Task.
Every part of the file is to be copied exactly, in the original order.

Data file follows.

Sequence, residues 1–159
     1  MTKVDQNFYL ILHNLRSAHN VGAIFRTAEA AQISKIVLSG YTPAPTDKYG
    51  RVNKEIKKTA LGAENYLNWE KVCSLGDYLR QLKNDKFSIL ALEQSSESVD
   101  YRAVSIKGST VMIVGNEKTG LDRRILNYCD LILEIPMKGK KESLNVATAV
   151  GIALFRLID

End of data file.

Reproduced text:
Sequence, residues 1–159
     1  MTKVDQNFYL ILHNLRSAHN VGAIFRTAEA AQISKIVLSG YTPAPTDKYG
    51  RVNKEIKKTA LGAENYLNWE KVCSLGDYLR QLKNDKFSIL ALEQSSESVD
   101  YRAVSIKGST VMIVGNEKTG LDRRILNYCD LILEIPMKGK KESLNVATAV
   151  GIALFRLID